When Microsoft announced the Xbox One back in May 2013, the console’s structure and focus drew ire from all sides. Some were angry that it lacked a ‘pure’ focus on gaming, with gameplay instead being held in the same regard as multimedia content (such as the Xbox One’s TV and movie features), while others were absolutely outraged at Microsoft’s plans for an ‘always online’ console.
What this persistently online feature meant is that the Xbox One had to connect to the Internet once every 24 hours, or players could be faced with a console that simply wouldn’t function. A form of DRM (digital rights management), it was intended to limit piracy, yet many concerns over Wi-Fi outages or a simple lack of Internet access took the attention away from what Microsoft had planned.
Microsoft nixed the plan altogether as a result of the backlash, but that meant that several of the more intriguing or promising features were left by the wayside as well. Of these, ‘Family Sharing’ was one of the most popular, with Microsoft using the DRM policy to allow families of up to 10 people to play games held by just one Xbox Live account. Now, the Xbox One maker has confirmed that Family Sharing is set to make a return.
The announcement comes after Microsoft previously stated that Family Sharing could make a return “when the time was right,” implying that their digital policies were simply too forward-thinking for current audiences. Xbox boss Phil Spencer has confirmed the commitment to Family Sharing to GamertagRadio, claiming it remains part of the Xbox One’s “roadmap”:
“We looked at the digital features that we had talked about last year and as a gamer, there were a lot of those features that I think really resonated and were smart features for people who really have a lot of games and maybe play on a couple consoles or have bunch of people in the house or want to share with friends. As I look at our monthly update roadmap, those kind of features are in our roadmap. There is a little bit of a challenge now that you’ve got DRM on a disc.”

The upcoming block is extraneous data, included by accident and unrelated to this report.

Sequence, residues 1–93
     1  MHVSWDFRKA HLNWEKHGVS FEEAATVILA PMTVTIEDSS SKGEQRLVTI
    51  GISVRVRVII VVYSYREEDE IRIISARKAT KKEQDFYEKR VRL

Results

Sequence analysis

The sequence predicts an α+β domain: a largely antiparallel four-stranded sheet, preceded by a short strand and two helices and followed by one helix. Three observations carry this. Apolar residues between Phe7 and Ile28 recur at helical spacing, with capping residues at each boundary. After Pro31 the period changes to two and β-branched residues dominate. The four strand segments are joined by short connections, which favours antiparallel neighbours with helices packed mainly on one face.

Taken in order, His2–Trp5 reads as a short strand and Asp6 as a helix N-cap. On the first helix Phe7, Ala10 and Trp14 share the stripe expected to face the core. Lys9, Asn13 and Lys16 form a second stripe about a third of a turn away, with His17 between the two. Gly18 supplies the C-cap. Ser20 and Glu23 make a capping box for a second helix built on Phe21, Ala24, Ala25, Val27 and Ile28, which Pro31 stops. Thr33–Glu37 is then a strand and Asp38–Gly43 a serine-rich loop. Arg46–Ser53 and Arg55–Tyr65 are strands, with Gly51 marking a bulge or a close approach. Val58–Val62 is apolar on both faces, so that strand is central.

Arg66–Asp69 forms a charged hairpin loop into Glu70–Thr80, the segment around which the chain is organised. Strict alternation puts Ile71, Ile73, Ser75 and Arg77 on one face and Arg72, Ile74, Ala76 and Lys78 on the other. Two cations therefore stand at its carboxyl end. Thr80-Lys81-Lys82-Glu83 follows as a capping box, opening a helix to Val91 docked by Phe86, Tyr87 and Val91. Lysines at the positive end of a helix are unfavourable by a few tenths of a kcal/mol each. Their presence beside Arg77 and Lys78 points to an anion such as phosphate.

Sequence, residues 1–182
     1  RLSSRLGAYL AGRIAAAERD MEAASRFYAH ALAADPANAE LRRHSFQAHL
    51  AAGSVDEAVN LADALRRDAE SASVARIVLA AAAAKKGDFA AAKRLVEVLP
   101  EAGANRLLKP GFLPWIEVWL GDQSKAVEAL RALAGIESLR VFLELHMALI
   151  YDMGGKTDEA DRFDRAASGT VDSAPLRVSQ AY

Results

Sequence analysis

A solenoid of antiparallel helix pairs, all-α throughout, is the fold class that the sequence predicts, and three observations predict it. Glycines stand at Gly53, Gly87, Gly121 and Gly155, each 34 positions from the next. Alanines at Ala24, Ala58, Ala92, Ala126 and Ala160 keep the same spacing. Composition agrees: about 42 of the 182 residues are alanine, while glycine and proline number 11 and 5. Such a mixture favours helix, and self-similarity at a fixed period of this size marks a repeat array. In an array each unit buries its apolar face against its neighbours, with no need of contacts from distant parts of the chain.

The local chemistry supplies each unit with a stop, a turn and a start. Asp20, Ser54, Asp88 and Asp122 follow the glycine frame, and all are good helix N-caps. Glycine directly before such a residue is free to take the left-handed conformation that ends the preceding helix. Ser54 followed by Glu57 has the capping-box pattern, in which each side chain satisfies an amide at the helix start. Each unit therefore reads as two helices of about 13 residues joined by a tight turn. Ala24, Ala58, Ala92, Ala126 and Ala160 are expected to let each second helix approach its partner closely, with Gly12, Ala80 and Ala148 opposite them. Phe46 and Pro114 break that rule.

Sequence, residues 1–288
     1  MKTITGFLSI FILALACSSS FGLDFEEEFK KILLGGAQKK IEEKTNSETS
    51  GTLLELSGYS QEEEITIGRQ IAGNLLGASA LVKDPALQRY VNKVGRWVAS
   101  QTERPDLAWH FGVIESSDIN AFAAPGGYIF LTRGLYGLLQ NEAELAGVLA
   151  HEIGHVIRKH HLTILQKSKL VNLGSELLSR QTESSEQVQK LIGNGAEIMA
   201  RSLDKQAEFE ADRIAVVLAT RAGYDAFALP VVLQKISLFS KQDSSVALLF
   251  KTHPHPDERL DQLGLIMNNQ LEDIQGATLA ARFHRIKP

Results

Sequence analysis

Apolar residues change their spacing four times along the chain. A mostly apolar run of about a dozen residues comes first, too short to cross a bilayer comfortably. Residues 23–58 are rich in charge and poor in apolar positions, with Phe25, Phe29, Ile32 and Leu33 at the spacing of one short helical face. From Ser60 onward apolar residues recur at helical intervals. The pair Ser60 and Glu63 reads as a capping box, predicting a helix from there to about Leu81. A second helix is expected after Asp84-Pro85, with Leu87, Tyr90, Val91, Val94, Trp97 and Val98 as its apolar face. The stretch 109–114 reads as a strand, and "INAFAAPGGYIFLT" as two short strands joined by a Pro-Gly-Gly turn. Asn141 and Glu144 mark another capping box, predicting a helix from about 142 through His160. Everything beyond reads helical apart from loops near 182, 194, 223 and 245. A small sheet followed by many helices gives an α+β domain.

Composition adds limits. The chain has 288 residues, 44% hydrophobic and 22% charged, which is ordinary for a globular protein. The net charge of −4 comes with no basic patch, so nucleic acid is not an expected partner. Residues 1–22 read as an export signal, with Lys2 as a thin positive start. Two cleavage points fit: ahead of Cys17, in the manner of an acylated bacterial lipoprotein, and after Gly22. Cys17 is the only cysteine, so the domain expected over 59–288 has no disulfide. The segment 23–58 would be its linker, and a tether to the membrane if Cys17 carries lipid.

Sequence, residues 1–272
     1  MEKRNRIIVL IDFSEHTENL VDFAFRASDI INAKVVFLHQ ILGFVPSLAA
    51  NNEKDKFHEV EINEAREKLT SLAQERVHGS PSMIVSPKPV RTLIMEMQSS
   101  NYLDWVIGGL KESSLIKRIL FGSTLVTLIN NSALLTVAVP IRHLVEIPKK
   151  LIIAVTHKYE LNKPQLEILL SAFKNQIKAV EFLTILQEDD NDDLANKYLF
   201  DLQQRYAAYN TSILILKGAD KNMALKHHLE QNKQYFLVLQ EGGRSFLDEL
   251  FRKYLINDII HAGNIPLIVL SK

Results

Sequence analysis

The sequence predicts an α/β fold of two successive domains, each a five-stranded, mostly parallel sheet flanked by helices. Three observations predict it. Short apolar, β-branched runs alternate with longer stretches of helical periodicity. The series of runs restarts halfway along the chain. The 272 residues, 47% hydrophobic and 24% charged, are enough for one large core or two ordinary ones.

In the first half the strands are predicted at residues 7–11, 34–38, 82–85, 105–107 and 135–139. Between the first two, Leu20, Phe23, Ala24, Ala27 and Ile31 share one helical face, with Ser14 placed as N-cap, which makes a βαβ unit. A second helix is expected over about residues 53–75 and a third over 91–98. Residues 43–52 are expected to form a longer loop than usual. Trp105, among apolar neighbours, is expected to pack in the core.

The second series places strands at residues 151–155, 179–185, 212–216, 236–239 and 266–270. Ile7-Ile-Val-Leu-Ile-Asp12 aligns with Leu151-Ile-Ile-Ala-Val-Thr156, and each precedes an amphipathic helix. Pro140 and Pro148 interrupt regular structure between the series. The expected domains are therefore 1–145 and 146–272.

The DRM he’s referring to is the system that is put on many a disc to ensure it’s used lawfully, included on the physical medium as the digital log-in alternative was axed. The shift in DRM formats led to its own set of problems (some users able to swap out discs as they are being played), but there are more complicated problems that Spencer’s team will need to address. According to a previously investigation into the Family Sharing policies, it was discovered that rather than 10 other family members having full, uninhibited access to a game, their play would function more like a timed demo before being greeted by a ‘Buy Now’ prompt after 45 minutes of play.
The resale of digital games was also something that Microsoft was forced to put on hold in the face of always-online backlash, but it’s unclear if a new strategy is in the works as well. Microsoft corporate vice president Marc Whitten maintains that “taking Family Sharing out of the launch window was not about ‘we’re going to take our toys and go home,'” and that the logistics of fitting the old policies in with the new strucutre is something that they are considering.
Maybe there’s hope for Family Sharing yet. What do you think of the program’s possible return? Were you disappointed to see it abandoned when Microsoft took the Xbox One offline, or do you have your own concerns?
Source: Gamertag Radio